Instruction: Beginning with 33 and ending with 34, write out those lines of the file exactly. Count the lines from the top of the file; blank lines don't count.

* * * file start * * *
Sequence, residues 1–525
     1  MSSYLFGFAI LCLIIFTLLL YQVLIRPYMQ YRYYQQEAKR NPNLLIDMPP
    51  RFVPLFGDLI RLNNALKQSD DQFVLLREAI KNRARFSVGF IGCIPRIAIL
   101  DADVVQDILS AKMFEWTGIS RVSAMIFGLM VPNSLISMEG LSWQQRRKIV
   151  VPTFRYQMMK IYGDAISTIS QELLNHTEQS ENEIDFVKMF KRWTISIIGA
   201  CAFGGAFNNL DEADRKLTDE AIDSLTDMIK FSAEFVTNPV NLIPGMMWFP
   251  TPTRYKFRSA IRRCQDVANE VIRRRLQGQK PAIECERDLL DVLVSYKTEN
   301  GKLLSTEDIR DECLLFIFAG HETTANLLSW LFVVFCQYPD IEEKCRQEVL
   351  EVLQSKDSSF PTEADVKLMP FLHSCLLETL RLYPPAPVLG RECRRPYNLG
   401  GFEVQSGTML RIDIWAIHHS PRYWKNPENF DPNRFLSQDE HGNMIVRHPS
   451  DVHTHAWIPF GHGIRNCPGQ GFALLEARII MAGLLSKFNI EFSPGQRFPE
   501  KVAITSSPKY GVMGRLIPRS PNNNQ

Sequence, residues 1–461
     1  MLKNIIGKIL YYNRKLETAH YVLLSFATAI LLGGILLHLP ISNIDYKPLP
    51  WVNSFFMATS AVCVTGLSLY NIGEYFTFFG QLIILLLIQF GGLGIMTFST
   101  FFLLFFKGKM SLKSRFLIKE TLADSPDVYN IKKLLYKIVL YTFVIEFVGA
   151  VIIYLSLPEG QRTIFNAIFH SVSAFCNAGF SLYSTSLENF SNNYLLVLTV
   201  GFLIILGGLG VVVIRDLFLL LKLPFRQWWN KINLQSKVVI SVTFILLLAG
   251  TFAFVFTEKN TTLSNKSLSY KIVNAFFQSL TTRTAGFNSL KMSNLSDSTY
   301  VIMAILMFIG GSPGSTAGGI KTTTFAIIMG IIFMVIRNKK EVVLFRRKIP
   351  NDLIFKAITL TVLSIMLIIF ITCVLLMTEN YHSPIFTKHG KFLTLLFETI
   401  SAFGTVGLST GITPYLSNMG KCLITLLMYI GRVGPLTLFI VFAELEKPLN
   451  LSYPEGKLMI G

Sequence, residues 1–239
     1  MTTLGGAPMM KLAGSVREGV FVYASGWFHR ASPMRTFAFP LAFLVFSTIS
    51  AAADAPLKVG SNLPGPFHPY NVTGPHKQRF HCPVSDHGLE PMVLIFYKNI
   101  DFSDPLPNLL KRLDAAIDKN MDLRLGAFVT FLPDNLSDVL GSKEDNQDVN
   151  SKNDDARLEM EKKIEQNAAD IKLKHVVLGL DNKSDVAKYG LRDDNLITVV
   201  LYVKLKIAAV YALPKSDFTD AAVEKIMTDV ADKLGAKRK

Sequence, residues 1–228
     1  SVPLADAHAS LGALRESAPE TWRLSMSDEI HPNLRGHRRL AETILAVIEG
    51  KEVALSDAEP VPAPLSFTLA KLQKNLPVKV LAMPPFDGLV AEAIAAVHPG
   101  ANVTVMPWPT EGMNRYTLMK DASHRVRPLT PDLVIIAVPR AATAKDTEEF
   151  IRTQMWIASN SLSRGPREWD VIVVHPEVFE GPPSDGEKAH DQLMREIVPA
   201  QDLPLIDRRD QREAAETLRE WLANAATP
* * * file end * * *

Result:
   101  ANVTVMPWPT EGMNRYTLMK DASHRVRPLT PDLVIIAVPR AATAKDTEEF
   151  IRTQMWIASN SLSRGPREWD VIVVHPEVFE GPPSDGEKAH DQLMREIVPA